Italy is located between Southern Europe and the Mediterranean and is also part of Western Europe, consisting of a peninsula that stretches from the Southern Alps to the central Mediterranean Sea. The country covers an area of 301,340 square kilometers and is bordered by France, Austria, Switzerland, Slovenia, and Vatican City and San Marino. Italy has a population of about 50 million, making it the third-most populated member country of the European Union.
Strategically situated in the Mediterranean that was a significant route for traders and travelers in the early years, Italy has captivated people from different cultures. Florence, the capital of the Tuscany region is the cradle of the Renaissance that led to the European Age of Discovery.
The country has a diverse economy mainly driven by the production of high-quality consumer merchandise. Its northern region is a highly developed industrial sector dominated by private enterprises while the southern region is less-developed with high unemployment and relies heavily on agriculture. It also has a substantial black economy which is estimated to have contributed 15% to its GDP.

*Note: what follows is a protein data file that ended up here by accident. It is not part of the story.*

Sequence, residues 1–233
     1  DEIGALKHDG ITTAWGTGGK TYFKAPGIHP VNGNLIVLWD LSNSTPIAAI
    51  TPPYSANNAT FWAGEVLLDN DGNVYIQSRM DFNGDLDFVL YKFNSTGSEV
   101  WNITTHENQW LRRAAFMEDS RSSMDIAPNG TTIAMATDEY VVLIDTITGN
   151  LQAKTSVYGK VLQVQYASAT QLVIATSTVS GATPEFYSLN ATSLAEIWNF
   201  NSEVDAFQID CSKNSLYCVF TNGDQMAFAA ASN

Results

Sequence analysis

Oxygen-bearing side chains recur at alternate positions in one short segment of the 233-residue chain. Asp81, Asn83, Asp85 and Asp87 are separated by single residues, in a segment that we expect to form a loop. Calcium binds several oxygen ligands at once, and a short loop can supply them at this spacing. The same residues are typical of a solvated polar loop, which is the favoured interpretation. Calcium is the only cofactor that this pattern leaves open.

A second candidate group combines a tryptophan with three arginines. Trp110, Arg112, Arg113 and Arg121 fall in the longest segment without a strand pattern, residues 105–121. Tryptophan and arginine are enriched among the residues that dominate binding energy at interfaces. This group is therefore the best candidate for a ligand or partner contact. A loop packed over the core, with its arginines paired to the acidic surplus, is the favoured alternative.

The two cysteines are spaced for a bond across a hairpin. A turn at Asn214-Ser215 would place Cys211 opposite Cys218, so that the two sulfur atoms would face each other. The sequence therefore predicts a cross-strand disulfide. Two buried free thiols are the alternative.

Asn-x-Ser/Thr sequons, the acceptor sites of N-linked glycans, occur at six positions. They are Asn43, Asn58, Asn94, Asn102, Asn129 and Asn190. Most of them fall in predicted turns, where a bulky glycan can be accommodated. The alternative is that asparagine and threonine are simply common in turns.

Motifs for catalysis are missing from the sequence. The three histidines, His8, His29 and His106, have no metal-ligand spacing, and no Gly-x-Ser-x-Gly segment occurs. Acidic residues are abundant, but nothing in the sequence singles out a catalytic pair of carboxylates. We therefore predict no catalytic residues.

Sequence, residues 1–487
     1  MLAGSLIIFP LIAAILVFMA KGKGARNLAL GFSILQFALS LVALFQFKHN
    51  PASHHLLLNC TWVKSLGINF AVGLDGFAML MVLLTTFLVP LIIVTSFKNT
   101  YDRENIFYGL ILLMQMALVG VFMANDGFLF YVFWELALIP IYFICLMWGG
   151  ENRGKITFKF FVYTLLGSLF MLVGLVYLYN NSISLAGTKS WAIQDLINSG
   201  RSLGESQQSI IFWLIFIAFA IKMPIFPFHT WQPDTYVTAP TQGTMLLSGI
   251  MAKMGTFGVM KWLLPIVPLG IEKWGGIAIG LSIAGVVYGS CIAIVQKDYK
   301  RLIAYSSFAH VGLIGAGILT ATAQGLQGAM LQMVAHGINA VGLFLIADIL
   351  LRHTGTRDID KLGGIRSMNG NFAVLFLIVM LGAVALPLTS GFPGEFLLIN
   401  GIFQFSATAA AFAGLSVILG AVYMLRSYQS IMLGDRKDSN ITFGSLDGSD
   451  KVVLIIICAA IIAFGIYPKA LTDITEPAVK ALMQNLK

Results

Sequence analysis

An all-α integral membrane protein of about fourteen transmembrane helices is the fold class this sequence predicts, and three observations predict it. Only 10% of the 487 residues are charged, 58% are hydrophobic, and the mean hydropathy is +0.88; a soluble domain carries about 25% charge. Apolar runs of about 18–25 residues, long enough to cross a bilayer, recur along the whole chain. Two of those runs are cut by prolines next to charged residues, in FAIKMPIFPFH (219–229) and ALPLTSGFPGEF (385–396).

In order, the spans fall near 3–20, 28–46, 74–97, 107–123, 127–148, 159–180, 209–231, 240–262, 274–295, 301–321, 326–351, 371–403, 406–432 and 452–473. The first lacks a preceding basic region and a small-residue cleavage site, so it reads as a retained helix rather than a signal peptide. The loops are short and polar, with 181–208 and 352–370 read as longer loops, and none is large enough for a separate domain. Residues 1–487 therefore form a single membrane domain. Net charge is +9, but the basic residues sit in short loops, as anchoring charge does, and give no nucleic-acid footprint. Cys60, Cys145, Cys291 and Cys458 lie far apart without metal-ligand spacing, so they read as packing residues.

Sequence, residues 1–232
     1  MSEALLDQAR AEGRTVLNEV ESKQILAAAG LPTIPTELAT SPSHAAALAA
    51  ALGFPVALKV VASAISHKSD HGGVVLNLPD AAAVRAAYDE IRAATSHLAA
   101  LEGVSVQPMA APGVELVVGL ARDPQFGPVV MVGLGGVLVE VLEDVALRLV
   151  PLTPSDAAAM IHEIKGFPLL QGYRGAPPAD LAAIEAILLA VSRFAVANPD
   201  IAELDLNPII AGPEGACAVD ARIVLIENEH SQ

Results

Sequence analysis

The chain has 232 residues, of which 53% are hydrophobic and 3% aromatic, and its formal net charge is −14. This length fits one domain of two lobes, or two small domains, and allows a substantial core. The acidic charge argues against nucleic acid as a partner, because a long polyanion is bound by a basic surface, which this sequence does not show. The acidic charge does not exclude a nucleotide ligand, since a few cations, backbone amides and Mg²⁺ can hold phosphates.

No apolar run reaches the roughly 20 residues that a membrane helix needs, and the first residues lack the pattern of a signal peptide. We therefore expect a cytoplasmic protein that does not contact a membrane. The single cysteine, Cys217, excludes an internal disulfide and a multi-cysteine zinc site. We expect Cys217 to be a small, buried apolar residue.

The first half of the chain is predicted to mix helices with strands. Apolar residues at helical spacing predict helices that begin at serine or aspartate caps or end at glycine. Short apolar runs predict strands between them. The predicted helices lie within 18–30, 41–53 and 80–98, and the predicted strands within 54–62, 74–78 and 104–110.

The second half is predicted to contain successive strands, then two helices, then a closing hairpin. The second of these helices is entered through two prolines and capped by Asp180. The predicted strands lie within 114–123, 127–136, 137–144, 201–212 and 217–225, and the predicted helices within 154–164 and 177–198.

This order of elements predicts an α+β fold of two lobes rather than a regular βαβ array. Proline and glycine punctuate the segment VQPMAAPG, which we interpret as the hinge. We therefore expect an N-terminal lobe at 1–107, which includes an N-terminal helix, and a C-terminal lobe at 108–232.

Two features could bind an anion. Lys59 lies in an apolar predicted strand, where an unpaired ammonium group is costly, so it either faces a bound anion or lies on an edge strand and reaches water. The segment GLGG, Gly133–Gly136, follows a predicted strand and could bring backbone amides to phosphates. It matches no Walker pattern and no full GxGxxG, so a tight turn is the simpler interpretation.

Italy’s economy is one of the leaders in the world and the Bank of Italy is an integral part of the European System of Central Banks. However, the global crisis hit Italy’s labor market and its low fertility rate and quota-based immigration standards will continue to impact the economy. In 2010, Italy recovered by about 1% as exports and investment started to bounce back.
Before shifting to the euro, the Italian lira was the nation’s official currency which was divided into 100 centesimi. The lira was introduced by the Napoleonic Kingdom of Italy in 1807 before it became the currency in 1861. To conserve coins, the Consortium of Issuing Institutes that consists of six banks was authorized to issue fiat money or inconvertible banknotes that could not be exchanged for precious metals. These paper bills featured the personification of Italy, Italia Turrita (Italy with Towers) wearing a crown of towers.
The government also issued banknotes from 1881, making slight changes to the design and colors of the preceding issues. From 1882 to 1888, Biglietti di Stato or state banknotes were issued bearing allegorical figures and have irregular left edges at counterfoils. In 1893, the Bank of Italy was constituted and in 1896, it issued a new set of notes to replace the old notes in circulation. These banknotes also featured allegorical figures and Italia in profile.
The set of notes issued between 1990 and 1997 highlights significant Italian personalities, their works, and other symbols relative to the featured person.